Parrish responds to critics in the cheap seats
One of the lawyers defending alleged double murderer Jason Eugene Bush in Pima County Superior Court has decided to answer his critics among the local bar.
Bush, 36, is charged with two counts of first-degree murder in the deaths of Raul “Junior” Flores and his daughter, Brisenia, 9, as well as one count of the attempted first-degree murder of Gina Marie Gonzalez; one count of burglary in the first-degree; one count of aggravated assault, serious physical injury; one count of aggravated assault, deadly weapon/dangerous instrument; one count of armed robbery; and one count of aggravated armed robbery.
Co-defendant Shawna Forde was recently convicted of all of these charges and was sentenced to death by a superior court jury.
Earlier this week defense counsel Richard Parrish wrote in a motion filed with the court that he and co-counsel Chris Kimminau do not plan to actively defend their client during the first phase of the potentially three-phase trial.
Below is the entire text of a letter to the editor, so to speak:
I hear murmurs around the courthouse that some other lawyers are rolling their eyes at the tactics that I and my co-counsel are using in this case, namely, that we are conceding that Jason did in fact kill two people in a home invasion in Arivaca. Lawyers are always experts on other lawyers' cases! Ours is an unconventional approach to a death penalty case, but there are very well thought out and closely examined reasons for it.
My criminal defense career began in 1972 when I was hired by John Flynn, in Phoenix, as his associate. He made me his partner in 1973. I was mentored by him for three years. He had become the most famous criminal lawyer in the country, due to his win in the United States Supreme Court case of Miranda v. Arizona. It established the national rule that defendants had to be informed of their rights before being questioned by police.
For one thing, John Flynn almost never presented an opening statement to the jury until it came time for him to present the defense case. I follow that procedure. As a result, a former head of the Public Defender’s office in Tucson openly criticised me, asserting that every defense attorney must give an initial opening statement. She has since left that office and has been succeeded by two highly sopohisticated and experienced lawyers who have lifted the skills and assuredness of the lawyers in that office.
State v. Bush is an exceedingly difficult case. In order to fully understand the state's approach to the prosecution of it, I sat through the entire state's presentation of evidence in the preceding case of State v. Shawna Forde. She claimed to be innocent and her excellent attorneys presented considerable evidence to that effect. I listened to the evidence on both sides and knew her case and Bush's case intimately from reading all of the discovery documentation that we are provided and attending or reading all of the interviews of critical witnesses. I believed that she would be convicted and sentenced to death. She was.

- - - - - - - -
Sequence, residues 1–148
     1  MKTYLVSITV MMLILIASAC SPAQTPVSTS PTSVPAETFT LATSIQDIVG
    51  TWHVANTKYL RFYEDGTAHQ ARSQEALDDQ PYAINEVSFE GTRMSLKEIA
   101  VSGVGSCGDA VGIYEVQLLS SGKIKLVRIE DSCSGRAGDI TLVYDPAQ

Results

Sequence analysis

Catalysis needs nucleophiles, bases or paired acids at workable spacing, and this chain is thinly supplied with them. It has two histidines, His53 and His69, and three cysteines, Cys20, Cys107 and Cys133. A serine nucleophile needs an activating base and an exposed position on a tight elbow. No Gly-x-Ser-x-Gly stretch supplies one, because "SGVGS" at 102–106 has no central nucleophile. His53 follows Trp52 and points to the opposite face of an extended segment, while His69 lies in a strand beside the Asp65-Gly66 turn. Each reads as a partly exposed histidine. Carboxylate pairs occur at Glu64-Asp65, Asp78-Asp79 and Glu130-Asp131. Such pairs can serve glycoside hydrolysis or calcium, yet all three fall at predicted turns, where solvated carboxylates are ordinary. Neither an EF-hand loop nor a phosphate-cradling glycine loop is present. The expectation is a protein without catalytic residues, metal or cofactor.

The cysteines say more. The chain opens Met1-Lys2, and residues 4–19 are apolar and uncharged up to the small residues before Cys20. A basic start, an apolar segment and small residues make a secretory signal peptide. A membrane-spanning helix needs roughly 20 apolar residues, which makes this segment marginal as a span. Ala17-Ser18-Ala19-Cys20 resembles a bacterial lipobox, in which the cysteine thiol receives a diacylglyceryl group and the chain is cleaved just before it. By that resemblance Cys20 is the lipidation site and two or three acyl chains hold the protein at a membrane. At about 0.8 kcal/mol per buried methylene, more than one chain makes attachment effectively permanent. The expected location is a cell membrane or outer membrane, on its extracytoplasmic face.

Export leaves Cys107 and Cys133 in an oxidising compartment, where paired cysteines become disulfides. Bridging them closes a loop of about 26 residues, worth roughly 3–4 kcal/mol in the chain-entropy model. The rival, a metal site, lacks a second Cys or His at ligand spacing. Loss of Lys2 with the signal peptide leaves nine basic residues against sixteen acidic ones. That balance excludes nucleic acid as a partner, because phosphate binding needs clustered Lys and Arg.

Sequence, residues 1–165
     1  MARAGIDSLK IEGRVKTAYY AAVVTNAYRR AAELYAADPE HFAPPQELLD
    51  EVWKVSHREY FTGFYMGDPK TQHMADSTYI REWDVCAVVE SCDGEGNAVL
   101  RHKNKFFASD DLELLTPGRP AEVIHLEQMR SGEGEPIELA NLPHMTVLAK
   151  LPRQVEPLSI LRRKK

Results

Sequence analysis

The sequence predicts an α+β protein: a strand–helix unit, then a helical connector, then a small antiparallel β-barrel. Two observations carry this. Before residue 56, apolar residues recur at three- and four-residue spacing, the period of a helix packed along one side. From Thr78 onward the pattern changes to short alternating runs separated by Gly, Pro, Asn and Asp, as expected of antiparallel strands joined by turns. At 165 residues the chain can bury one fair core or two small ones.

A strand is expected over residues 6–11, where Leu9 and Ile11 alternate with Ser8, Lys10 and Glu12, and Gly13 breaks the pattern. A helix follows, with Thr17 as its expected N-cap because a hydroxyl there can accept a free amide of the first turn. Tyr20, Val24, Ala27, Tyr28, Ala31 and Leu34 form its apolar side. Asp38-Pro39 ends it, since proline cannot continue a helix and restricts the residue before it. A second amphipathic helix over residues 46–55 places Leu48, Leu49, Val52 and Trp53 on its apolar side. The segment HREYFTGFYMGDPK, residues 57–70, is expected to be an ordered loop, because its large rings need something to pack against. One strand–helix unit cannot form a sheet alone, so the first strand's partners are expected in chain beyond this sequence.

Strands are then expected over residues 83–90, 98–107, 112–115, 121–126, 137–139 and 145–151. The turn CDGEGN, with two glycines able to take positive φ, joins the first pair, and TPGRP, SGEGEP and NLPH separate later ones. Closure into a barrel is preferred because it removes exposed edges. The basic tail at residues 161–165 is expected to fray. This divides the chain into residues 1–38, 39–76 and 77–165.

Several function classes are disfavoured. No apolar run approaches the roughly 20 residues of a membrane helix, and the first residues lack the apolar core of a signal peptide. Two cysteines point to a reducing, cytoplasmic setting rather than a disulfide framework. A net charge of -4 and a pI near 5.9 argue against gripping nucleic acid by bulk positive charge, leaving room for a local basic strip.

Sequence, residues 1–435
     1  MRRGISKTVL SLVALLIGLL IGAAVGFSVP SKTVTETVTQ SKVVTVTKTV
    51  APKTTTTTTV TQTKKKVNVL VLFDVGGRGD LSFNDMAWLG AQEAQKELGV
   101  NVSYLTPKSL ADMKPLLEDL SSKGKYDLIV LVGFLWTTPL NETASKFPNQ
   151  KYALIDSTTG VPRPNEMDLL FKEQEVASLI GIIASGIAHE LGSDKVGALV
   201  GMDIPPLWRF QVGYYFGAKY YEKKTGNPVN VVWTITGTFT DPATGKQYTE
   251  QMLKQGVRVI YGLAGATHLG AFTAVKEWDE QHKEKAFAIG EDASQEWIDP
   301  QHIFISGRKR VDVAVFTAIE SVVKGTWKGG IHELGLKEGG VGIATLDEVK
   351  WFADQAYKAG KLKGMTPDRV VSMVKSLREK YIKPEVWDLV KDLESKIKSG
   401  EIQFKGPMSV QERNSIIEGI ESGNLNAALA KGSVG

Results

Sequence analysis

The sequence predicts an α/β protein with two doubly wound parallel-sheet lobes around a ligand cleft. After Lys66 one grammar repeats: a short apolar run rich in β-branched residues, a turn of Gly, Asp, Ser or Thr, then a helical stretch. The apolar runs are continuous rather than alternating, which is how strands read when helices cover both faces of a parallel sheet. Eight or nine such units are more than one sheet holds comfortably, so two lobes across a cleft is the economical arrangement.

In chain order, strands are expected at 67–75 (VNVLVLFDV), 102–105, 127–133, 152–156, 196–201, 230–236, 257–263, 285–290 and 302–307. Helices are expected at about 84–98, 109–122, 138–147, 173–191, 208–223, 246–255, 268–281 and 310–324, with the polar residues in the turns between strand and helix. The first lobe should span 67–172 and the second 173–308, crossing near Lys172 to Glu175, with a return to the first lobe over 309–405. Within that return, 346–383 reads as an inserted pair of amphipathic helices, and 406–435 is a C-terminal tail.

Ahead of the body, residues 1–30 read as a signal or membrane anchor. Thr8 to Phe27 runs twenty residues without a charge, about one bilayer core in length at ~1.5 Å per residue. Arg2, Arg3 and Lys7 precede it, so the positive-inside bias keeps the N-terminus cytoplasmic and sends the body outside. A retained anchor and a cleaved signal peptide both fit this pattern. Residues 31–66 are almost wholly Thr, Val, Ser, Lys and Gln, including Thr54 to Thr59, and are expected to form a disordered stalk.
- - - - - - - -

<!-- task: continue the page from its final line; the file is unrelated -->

Mr. Bush's fundamental goal is to have his life spared by the current jury. He fully understands that the evidence against him is overwhelming and unforgiving:
1. Bush claimed to be a retired gunnery sergeant with the U.S. Marines, and that he had been a sniper on numerous special military missions;
2. A witness will testify that he and a friend were drug dealers in Arivaca, and that they wanted to kill drug dealer Raul Flores to eliminate competition;
3. Their plan was to have Bush conceal himself on a knoll some distance from Flores' house and to kill him from afar;
4. When Shawna Forde and her “Minuteman Defense” scheme entered the picture, the plan changed, and she and Bush and a third person were to enter the Flores home, ransack it for drugs and money, and sell the loot to finance a border protection scheme;
5. The wife of Raul Flores, Gina Gonzales, who survived the attack and saw her husband and nine year old daughter be murdered by the shooter, herself got a handgun out of a kitchen drawer and wounded the shooter;
6. Bush's blood (DNA) was found inside the Flores home;
7. He received treatment for his leg wound by a man named Stonex, who treated him in the presence of Shawna Forde, who claimed that Bush had been wounded in a border protection mission;
8. Bush was arrested in a hospital in Kingman a few days later, being treated for his wound;
9. He freely, without coercion or illegal promises, confessed to the crimes.
Under Arizona law, which differs from most States, the jury itself determines life or death after the evidence has been received, they have found the defendant guilty, certain aggravating factors have been proven (child killed, multiple murders, co-defendants, pecuniary gain), and they are presented evidence of "mitigation." It is the mitigation evidence which is critical to attempting to save the life of an accused. In Bush's case, there is ample evidence of very severe emotional problems beginning in early childhood and resulting in him being committed to a mental institution at the age of 11, and thereafter having continuing and constant mental problems and repeated convictions of criminal acts throughout his life.
We will ask the jury to spare his life based on these mitigating factors. We believe as attorneys that if we were to attempt to convince the jury of his innocence in the face of the facts which were proven in the Forde case and which will be proven in the Bush case, that we would utterly lose credibility in the eyes of the jurors. They would think, these slimy lawyers first try to convince us that this obviously guilty guy is innocent, now they try to tell us to spare his life because he has had a bad life. Screw 'em all.
We do not wish for this to happen. Mr. Bush does not want this to happen.